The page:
Thirty years ago I flew into Denver for an interview before I decided whether or not to take a transfer that had been offered to me. A few days before there had been a big snowstorm; as is typical, the sun was out full force, melting it as rapidly as possible. The views of the Front Range mountains were gorgeous. When I left two days later, a winter inversion was solidly in place and the Brown Cloud was at its peak. Every time I stepped outside my eyes started to water, my nose started to run, and it just smelled bad. A decade earlier I had visited Los Angeles on a couple of bad days, and while Denver wasn’t that awful, it was at least in the same ballpark. (Despite that, I took the transfer.)
The Denver metro area has a history going back to the 1950s of doing regional planning across an area that includes Denver proper and all of the surrounding suburban counties. The Regional Air Quality Council was established in 1989, the year after we moved here. Today, if you know when and where to look you can find the Cloud’s visible remnants, but overall the air is enormously cleaner. Some of the improvement was a gift from the federal government: a contemporary car with a billion-ops-per-second processor, sophisticated sensors, fine control over fuel-injection timing and spark, and a catalytic converter emits a small fraction of what cars did 30 years ago. Some of the improvement is through consistent local identification of sources and regulation of those (eg, wood-burning bans during certain weather patterns). There are still days when the air smells bad and the visibility is sharply reduced – but these days it means that one of the national forests is on fire again.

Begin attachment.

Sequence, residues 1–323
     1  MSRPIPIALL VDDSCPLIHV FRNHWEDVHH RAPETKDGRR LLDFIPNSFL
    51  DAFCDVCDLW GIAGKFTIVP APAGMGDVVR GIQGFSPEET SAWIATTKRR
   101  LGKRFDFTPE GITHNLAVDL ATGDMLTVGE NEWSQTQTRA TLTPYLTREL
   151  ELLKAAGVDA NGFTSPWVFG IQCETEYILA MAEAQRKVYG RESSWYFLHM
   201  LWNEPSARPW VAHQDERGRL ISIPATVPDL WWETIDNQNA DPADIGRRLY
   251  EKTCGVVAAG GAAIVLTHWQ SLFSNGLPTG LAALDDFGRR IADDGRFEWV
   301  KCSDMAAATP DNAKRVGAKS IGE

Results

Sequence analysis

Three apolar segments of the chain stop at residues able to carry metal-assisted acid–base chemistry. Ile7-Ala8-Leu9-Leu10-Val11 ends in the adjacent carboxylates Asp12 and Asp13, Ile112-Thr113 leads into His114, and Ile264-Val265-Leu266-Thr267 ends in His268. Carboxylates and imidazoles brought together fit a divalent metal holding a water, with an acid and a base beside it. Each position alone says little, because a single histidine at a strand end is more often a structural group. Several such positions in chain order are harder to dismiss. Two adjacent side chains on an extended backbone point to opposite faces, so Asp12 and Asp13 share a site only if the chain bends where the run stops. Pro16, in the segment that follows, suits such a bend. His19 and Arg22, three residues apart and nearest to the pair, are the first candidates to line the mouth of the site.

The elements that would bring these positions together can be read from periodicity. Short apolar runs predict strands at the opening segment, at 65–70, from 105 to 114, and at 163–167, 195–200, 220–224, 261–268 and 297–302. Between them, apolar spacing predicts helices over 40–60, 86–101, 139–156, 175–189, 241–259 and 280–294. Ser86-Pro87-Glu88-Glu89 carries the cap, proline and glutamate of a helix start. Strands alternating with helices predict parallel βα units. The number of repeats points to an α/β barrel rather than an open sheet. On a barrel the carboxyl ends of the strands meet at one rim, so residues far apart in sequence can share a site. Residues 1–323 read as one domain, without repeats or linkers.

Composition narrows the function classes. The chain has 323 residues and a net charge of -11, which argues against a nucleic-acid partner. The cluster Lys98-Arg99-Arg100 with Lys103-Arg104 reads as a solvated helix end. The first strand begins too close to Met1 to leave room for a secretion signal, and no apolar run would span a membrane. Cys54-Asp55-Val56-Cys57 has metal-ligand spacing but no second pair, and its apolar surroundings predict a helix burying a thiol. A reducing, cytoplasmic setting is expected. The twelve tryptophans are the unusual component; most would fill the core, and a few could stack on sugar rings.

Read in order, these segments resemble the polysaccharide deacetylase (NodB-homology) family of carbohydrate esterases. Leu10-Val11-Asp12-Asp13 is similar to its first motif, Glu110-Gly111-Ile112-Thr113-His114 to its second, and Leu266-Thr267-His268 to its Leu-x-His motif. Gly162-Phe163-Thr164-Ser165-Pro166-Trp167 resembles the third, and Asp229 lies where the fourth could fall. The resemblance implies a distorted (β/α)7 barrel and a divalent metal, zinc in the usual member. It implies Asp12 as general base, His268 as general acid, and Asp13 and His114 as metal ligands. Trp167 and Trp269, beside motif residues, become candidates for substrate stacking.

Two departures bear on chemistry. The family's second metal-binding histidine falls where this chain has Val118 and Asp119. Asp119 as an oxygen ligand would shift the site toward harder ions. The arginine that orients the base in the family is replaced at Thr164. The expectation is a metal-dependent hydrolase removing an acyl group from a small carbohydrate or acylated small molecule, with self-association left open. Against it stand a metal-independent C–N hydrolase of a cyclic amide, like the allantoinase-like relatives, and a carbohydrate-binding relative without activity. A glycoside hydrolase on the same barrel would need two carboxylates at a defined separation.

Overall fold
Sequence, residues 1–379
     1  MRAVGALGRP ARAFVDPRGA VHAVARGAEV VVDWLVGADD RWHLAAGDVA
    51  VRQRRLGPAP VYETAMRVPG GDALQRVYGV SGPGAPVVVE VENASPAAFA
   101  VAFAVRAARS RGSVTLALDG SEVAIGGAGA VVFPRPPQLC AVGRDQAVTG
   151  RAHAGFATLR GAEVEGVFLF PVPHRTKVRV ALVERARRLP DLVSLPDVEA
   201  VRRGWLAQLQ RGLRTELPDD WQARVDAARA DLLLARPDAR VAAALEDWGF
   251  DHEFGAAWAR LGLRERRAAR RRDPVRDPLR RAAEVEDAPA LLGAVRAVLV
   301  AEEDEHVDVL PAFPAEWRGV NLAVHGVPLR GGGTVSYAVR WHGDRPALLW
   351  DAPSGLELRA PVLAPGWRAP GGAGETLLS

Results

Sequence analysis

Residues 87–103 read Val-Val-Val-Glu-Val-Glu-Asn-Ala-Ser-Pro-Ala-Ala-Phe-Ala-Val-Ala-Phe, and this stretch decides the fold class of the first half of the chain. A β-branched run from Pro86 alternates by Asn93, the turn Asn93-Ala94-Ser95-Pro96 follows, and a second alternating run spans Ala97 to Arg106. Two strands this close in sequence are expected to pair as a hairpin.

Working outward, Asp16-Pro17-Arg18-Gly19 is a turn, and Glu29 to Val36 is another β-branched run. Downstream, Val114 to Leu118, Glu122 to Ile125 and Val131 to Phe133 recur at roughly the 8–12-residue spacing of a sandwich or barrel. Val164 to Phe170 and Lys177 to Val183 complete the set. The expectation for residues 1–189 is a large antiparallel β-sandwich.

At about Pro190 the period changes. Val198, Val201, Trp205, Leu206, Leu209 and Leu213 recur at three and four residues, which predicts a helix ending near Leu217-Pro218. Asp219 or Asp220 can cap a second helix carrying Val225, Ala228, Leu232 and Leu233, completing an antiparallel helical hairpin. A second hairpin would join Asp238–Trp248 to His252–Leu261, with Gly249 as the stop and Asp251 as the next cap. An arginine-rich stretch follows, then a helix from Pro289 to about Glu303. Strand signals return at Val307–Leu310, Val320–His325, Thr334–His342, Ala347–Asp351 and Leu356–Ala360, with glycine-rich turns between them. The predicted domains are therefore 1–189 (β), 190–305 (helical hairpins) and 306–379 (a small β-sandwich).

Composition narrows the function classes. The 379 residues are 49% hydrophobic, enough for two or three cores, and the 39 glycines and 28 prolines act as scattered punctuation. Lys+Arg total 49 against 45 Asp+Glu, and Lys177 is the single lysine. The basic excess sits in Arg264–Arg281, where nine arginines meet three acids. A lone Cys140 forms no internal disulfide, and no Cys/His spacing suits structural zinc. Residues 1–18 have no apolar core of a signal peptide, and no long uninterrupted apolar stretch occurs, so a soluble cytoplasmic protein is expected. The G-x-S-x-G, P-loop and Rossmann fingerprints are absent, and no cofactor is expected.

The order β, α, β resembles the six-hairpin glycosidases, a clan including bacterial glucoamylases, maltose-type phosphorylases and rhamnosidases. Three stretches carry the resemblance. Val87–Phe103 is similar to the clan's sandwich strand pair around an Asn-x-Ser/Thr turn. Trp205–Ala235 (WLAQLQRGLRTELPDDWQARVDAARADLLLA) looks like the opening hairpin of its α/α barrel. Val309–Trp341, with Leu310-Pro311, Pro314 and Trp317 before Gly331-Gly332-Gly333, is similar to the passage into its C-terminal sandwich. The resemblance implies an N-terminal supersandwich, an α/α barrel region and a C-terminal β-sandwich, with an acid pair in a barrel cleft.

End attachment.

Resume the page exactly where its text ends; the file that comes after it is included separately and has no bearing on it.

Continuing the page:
Ground-level ozone remains a problem. In 2014, to address the ozone issues, Colorado added significant new restrictions to oil and gas drilling operations in the state. New technology developed by the National Center for Atmospheric Research (NCAR) and the University of Colorado made it possible to determine if the drillers were actually emitting at the levels they said they were. As it turned out, the drillers were leaking far more methane and other volatile organic compounds – all precursors for ground-level ozone – than they thought. The division within the state legislature when things were debated was not between Democrats and Republicans, it was between suburban and rural Republicans. The drilling industry was split: in-state companies tended to support the new rules while out-of-state companies operating here opposed them. Wyoming has passed similar rules for the southwestern part of the state.
Late in the Obama administration, the federal EPA adopted a final rule for controlling methane and VOC emissions (hereafter, the methane rule) for drillers operating on federal lands, modeled after the Colorado rules. The current Congress, which has overruled a number of other late-Obama environmental regulations, tried but failed to overturn this one. Scott Pruitt, the head of the EPA appointed by President Trump, then ordered a two-year delay in implementing the rule while the administration reviewed it. As might be expected these days, a variety of people sued. Last month the US Court of Appeals for the DC Circuit held that the delay was equivalent to a new rule, must follow all of the lengthy procedures for creating a new rule, and ordered the EPA to continue enforcement.